1160-67 – Copenhagen founded by Bishop Absalon, counsellor to King Valdemar I. Slotsholmen fortress is built to protect the new city.
1443 - Copenhagen replaces Roskilde as the capital city of Denmark.
1449 - Copenhagen celebrates its first coronation as the nation’s capital, for King Christian I.
1479 -Copenhagen University founded.
1583 - The world's oldest amusement park, Bakken, opens for business. Located just north of the city, you can still enjoy it today.
1588-1648 – Copenhagen’s most remarkable buildings are built during the reign of King Christian IV, including Rosenborg Castle, the Round Tower, the Old Stock Exchange, Copenhagen’s canals and Kastellet (The Old Citadel).
1658 – The Swedes besiege Copenhagen.
1700s – Most of the old medieval city is destroyed by fires during different decades.
1748 – Amalienborg Palace, residence of Denmark’s current Queen, and the Royal Danish Theatre (still at Kongens Nytorvtoday) are built.
1775 – Royal Copenhagen Porcelain founded.
1801-1807 - The British attack Copenhagen.
1830-1840 - Vesterbro, Nørrebro and Østerbro become a part of Copenhagen.
1843 - Tivoli Gardens amusement park founded at the city’s West Gate (Vesterport).
1847 - Carlsberg Brewery founded. The original site will soon be a Carlsberg Experience Centre.
1847 – Copenhagen Central Station (Hovedbanegården) built.
1863 - Copenhagen’s first tram, the first of its kind in Europe. Trams disappeared from city life in 1972.
1875 - Hans Christian Andersen, the world famous fairytale writer, dies in Copenhagen. You can visit his grave in Assisten's Churchyard (Assitens Kirkegaard).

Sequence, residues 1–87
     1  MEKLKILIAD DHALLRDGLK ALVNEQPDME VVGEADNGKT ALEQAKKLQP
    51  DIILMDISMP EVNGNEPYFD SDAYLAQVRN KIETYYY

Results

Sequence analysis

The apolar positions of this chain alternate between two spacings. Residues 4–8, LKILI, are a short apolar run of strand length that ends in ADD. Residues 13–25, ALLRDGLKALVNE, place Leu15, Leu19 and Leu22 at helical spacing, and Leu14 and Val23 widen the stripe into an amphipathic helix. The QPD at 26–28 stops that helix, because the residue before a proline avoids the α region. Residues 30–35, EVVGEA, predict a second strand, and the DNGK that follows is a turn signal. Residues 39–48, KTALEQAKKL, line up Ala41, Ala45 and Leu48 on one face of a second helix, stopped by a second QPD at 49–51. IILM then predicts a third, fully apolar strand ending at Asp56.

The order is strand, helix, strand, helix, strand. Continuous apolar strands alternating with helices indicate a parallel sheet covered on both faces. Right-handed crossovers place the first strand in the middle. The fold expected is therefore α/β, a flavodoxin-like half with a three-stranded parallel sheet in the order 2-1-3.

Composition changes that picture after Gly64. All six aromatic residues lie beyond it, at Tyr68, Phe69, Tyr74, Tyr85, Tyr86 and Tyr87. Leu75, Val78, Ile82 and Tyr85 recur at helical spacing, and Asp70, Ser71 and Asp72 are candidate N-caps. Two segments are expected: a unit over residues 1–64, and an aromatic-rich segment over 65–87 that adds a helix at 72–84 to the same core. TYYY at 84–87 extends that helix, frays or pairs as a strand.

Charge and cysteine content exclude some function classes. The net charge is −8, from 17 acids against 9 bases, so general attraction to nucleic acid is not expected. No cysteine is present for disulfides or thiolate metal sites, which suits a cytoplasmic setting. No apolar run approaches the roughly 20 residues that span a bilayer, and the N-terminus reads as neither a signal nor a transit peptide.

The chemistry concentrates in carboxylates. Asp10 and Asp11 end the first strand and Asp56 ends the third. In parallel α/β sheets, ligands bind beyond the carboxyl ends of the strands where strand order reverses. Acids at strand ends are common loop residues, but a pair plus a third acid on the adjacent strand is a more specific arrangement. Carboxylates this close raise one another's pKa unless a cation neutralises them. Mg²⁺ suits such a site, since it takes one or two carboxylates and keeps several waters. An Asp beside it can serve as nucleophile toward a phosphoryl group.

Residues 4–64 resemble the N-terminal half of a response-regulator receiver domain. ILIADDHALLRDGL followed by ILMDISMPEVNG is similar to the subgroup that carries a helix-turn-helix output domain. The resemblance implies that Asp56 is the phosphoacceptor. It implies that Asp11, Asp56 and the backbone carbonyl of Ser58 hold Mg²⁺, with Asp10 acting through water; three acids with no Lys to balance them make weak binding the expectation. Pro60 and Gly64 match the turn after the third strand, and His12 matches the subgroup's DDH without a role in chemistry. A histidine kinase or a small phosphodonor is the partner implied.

1905 - Copenhagen City Hall (Rådhuset) is completed.
1905 - The first Pølsevogn (Sausage cart) established in Copenhagen.
1910 – Copenhagen opens its first bike path separated from road traffic.
1913 - The Little Mermaid statue is unveiled.
1925 – Copenhagen Airport opens for business.
1940-1945 – Copenhagen and Denmark occupied by the Nazis during WWII.
1962 - The world’s longest pedestrian shopping street, Strøget, is inaugurated for happy shoppers.
1971 – The freetown of Christiania is founded by squatters on an old military site in the city’s Christianshavn district.
2000 – The impressive Oresund Bridge, joining Denmark and Sweden, opens.
2002 – Copenhagen’s first metro line welcomes passengers.
2004 – The distinctive new Opera opens on the waterfront.
2008 - British lifestyle magazine Monocle ranks Copenhagen as the best city in the world to live in.
You don’t have far to go to find yourself in rich and varied countryside in Denmark. With an exceptionally long coastline and hundreds of Danish islands waiting to be explored, Denmark is a haven for beach-lovers. The south coast dramatically meets the Baltic Sea with high cliffs and the whole country is crisscrossed by walking and cycling trails. Whether you are looking for peace and tranquility or the rush of an exhilarating outdoor adventure, Denmark is the place to find it.
Denmark measures 43,098 square kilometers and is located in the European region of Scandinavia and the Baltic. The country is flat without hills and mountains. The highest point is only 173 metres above the sea.
Apart from Jutland, which is attached to Germany, Denmark is a concentration of small islands. The biggest ones are Sealand, where you will find Copenhagen, Funen and Bornholm. Denmark has one of the largest coast lines in Europe, meaning you are never far from the sea.
But Denmark is actually more than that. The Faroe Islands in the North Atlantic and Greenland, which is part of the North American continent, also belong to Denmark but have autonomous self-rule.